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Export to PSD, Photoshop says file is not compatible with this version (using CS4/CS5) RRS feed

  • Question

  • Hi All,

    So here is the problem. When I use ICE, adjust the projection to something other than the default and save it as an uncompressed, full resolution PSD, photoshop will not open it. Photoshop gives the following error:

    "Could not complete your request because the file is not compatible with this version of Photoshop."

    I am feeding ICE four 16bit TIFF files and selecting vertical cylinder in this specific case, but I have encountered this before. Any ideas for a fix?

    Thanks very much!

    Saturday, September 10, 2011 1:56 PM

Answers

  • Hi Don,

    We fixed the 2GB switch from .psd to .psb for the next version of ICE.  As a workaround, if your image is > 30,000 wide or high (yours was 28,160 wide) it will switch to .psb.

    --Howard

     

    Thursday, September 15, 2011 9:41 PM

All replies

  • To add, I have tried with Photoshop CS4 and CS5 with no avail.
    Saturday, September 10, 2011 1:57 PM
  • We have not seen this issue in the past.  Does it work if you provide ICE 8bit source files?

    The best way for us to debug this is to share a small example with us that demonstrates the issue.  You would need to share the source files and an ICE project file (.spj file).  One simple way to share this is to post on https://skydrive.live.com/ 

     


    Saturday, September 10, 2011 3:14 PM
  • I have found a work-around, simply by using JPG source files instead of 16-bit TIFFs. I will rety 8-bit TIFF files to see if that will work.

    I can certainly provide you with the source files to reproduce the error. I'll hopefully get to that today or tomorrow. :)

    Saturday, September 10, 2011 3:49 PM
  • I believe the problem stems from ICE generating a PSD file that exceeds the filesize limit associated with PSD files. Possibly add a feature that will detect this and automatically convert it to a PSB (Large Document Format) file?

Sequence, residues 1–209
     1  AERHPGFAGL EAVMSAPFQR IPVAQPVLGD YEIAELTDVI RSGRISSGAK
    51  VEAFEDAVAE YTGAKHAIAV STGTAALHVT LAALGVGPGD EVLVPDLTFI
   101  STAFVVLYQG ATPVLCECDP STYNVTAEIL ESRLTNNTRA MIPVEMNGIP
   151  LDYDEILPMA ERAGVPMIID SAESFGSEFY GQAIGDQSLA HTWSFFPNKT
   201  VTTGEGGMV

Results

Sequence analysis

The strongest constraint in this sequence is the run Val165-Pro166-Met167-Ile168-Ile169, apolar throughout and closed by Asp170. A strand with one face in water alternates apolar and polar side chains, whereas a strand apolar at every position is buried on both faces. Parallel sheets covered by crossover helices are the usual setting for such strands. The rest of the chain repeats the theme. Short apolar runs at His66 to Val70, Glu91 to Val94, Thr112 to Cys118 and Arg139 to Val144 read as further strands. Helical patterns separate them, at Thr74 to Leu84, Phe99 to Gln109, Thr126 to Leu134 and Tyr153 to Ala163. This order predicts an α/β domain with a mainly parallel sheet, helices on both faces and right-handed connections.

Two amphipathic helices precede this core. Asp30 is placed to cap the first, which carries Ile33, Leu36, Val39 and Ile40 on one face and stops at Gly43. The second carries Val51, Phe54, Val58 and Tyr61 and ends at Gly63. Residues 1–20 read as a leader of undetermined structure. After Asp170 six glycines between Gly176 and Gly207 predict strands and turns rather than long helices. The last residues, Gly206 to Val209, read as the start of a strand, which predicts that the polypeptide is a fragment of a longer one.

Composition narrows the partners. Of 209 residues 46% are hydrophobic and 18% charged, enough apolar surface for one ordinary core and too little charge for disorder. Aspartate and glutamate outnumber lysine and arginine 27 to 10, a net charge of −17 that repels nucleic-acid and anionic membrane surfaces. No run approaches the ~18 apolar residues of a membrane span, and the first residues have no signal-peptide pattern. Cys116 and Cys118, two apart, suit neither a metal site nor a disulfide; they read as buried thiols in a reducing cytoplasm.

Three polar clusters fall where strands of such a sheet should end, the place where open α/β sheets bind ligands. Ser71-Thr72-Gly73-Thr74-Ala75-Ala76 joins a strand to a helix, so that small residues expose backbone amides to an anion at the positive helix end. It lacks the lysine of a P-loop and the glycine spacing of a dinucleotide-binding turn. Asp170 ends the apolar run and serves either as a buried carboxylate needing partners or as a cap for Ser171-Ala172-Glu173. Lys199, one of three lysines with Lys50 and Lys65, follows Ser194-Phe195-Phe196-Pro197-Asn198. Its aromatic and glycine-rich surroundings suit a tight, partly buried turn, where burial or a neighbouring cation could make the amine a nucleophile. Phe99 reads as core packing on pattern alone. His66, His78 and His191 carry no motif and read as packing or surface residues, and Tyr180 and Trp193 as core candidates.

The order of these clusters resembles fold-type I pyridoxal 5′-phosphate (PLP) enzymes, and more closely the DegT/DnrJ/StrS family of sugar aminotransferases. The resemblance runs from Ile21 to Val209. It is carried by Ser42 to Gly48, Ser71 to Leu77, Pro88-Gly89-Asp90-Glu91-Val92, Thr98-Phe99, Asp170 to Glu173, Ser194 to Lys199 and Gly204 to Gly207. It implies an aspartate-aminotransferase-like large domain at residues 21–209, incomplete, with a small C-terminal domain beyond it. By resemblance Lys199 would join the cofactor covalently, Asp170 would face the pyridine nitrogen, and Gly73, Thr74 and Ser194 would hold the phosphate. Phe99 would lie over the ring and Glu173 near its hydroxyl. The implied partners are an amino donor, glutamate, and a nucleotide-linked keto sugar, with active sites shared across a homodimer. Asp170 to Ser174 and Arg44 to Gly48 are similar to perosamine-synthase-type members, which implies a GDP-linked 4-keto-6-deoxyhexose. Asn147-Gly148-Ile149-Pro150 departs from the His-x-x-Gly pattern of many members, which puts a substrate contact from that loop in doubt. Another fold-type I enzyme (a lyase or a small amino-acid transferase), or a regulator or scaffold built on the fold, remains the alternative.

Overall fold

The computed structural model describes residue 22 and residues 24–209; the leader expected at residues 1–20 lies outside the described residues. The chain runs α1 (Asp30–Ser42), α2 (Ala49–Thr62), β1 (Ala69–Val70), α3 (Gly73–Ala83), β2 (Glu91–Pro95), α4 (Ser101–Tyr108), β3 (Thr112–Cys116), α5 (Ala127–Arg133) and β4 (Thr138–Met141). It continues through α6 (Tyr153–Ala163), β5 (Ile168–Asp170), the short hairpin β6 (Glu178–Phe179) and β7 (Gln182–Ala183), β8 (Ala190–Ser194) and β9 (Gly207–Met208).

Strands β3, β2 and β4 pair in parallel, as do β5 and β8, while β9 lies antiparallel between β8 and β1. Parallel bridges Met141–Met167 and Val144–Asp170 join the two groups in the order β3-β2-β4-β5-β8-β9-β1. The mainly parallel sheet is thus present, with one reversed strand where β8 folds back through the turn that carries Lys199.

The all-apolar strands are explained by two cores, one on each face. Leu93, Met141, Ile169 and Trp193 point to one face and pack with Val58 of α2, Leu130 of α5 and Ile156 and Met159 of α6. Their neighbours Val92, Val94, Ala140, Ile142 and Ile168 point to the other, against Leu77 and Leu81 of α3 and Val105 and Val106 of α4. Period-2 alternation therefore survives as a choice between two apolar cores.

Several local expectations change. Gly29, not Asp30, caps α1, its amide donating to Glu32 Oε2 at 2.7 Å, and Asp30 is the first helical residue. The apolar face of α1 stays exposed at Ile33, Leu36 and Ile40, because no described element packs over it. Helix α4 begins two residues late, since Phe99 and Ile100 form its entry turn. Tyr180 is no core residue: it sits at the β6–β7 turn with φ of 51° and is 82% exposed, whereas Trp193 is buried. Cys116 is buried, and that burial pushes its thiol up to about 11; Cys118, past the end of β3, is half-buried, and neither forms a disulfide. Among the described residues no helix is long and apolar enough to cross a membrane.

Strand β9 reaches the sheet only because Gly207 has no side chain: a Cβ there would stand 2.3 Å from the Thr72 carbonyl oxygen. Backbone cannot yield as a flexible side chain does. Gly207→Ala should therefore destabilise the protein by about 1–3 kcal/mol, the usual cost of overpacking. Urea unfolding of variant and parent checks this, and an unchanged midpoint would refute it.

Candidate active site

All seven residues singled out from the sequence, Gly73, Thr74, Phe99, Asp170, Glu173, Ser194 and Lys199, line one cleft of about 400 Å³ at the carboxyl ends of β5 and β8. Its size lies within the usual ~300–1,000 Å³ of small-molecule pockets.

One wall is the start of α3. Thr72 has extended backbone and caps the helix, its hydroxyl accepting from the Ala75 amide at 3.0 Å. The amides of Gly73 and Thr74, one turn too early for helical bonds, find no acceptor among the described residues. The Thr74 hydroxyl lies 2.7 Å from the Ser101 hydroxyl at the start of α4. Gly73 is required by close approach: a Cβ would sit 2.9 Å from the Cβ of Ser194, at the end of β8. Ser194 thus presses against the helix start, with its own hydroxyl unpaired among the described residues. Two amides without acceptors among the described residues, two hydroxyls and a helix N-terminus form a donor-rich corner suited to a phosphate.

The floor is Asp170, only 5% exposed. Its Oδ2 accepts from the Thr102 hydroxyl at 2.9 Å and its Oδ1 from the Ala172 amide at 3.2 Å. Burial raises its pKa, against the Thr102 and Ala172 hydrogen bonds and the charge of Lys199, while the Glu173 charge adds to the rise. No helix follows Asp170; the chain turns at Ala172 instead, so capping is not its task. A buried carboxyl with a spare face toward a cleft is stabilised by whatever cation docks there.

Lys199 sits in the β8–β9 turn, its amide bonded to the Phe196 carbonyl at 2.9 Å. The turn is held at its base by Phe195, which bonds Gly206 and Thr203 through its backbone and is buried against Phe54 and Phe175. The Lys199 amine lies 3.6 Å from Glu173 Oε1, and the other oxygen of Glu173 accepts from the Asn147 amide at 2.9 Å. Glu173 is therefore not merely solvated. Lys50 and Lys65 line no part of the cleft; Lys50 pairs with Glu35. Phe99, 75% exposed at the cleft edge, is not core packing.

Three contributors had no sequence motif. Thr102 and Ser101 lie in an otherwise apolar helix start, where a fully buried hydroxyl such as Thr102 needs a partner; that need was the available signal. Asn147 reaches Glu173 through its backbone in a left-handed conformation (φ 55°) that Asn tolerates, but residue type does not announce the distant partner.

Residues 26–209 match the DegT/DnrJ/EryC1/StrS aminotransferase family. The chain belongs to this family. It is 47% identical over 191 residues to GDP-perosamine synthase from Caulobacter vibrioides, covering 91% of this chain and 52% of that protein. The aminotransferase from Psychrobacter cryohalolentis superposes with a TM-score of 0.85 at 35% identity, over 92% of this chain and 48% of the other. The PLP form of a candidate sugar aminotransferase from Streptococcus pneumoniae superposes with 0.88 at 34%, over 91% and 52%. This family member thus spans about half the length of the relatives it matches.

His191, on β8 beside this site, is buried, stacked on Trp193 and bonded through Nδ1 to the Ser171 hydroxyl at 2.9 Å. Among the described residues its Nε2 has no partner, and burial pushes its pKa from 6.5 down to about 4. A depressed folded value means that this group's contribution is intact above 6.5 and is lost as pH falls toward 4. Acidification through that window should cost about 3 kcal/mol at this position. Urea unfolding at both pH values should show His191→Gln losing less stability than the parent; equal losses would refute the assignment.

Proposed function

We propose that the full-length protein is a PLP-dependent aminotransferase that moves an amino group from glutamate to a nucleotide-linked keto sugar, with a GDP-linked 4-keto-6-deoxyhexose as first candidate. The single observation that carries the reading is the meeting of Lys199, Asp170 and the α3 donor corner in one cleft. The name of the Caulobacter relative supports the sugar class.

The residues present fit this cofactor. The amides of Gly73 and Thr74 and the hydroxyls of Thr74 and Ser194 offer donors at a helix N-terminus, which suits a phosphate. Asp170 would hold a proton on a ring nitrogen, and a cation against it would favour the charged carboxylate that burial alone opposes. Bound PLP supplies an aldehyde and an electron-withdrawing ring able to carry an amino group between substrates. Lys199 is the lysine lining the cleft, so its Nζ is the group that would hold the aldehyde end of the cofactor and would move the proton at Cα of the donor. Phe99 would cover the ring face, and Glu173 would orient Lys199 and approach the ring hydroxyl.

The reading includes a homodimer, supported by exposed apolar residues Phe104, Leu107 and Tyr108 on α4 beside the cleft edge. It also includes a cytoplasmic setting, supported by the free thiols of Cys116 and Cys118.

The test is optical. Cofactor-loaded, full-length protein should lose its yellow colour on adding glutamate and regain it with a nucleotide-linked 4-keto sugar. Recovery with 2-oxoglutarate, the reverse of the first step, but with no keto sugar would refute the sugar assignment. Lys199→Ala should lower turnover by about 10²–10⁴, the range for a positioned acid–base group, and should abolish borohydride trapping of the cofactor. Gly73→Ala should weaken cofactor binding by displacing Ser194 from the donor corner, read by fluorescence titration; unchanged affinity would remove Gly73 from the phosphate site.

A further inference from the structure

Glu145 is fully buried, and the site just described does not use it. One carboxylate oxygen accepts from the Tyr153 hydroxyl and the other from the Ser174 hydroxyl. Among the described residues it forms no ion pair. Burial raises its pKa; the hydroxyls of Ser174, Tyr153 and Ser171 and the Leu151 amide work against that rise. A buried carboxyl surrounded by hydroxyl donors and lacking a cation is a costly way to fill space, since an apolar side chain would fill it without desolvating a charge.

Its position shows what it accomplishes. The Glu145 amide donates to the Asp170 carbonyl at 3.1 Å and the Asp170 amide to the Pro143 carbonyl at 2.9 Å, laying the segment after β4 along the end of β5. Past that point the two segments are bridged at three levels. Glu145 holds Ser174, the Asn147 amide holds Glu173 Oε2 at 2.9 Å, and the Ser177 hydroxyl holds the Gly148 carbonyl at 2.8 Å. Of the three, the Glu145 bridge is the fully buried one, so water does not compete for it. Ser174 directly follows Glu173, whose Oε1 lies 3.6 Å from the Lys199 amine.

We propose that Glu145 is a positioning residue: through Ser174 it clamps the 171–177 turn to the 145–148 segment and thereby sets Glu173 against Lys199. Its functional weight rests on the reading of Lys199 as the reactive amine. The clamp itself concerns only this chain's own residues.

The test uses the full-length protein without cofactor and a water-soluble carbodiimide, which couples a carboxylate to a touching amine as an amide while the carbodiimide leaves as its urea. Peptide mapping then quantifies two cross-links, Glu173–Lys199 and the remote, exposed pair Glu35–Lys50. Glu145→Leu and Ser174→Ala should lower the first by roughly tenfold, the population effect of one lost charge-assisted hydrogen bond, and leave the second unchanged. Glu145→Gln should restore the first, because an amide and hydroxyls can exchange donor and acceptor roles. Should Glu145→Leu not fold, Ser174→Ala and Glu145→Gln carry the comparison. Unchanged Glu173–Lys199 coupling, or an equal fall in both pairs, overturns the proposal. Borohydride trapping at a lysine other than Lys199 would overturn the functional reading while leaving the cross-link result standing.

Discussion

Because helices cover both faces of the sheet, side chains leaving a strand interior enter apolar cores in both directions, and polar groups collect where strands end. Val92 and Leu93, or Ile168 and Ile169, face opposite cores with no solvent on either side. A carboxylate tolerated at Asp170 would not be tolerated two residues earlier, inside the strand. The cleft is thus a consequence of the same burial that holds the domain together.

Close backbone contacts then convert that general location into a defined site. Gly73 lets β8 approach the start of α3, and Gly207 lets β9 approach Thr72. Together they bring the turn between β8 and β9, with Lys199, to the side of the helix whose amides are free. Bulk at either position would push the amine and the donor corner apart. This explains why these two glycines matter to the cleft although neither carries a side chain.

The file for you to download is rather large, and will not be completely uploaded until the morning. I'll post the link when it is up.


    Sunday, September 11, 2011 9:05 PM
  • Thanks for taking the time to report this.  ICE is supposed to auto-detect and automatically switch from PSD to PSB.  My guess is that this auto-detect threshold may not be correctly computed for 16bit files - in other words we may have a bug for large 16bit projects.  We will investigate.
    Sunday, September 11, 2011 11:52 PM
  • No problem at all! Here is the file (over 3GB with source files):

    http://donkom.ca/ice-photoshop-fail.zip

    Monday, September 12, 2011 11:40 AM
  • Hi Don,

    We fixed the 2GB switch from .psd to .psb for the next version of ICE.  As a workaround, if your image is > 30,000 wide or high (yours was 28,160 wide) it will switch to .psb.

    --Howard

     

    Thursday, September 15, 2011 9:41 PM
  • Fantastic, thanks very much!
    Thursday, September 15, 2011 11:06 PM
  • Hi - I have followed a thread previously concerning the problem that ICE won't export to PSB (Large Doc Format) unless its 30,000 pixels wide, rather than the trigger being the PS 2GB threshold. The answer then was that this bug was fixed for the next version of ICE. I have composites that are well over 2GB but are not 30,000 wide, and I therefore cannot open them in Photoshop - tried everything.

    Any launch date due, or any other answers to this problem?

    Thanks

    • Merged by Matt Uyttendaele Wednesday, February 22, 2012 6:10 PM relevant to that thread
    Monday, February 20, 2012 10:48 AM
  • We currently have no immediate plans to update ICE.  Unfortunately I can't think of a good work-around for this bug.  I'm sorry the news isn't better.  Perhaps someone else on the forum has found a decent work-around?
    Wednesday, February 22, 2012 6:14 PM
  • Not good news. Is there any way of increasing the canvas size (with the crop tool?) beyond the image to reach the 30,000? Tried everything so pretty sure there's not.
    Thursday, February 23, 2012 12:42 PM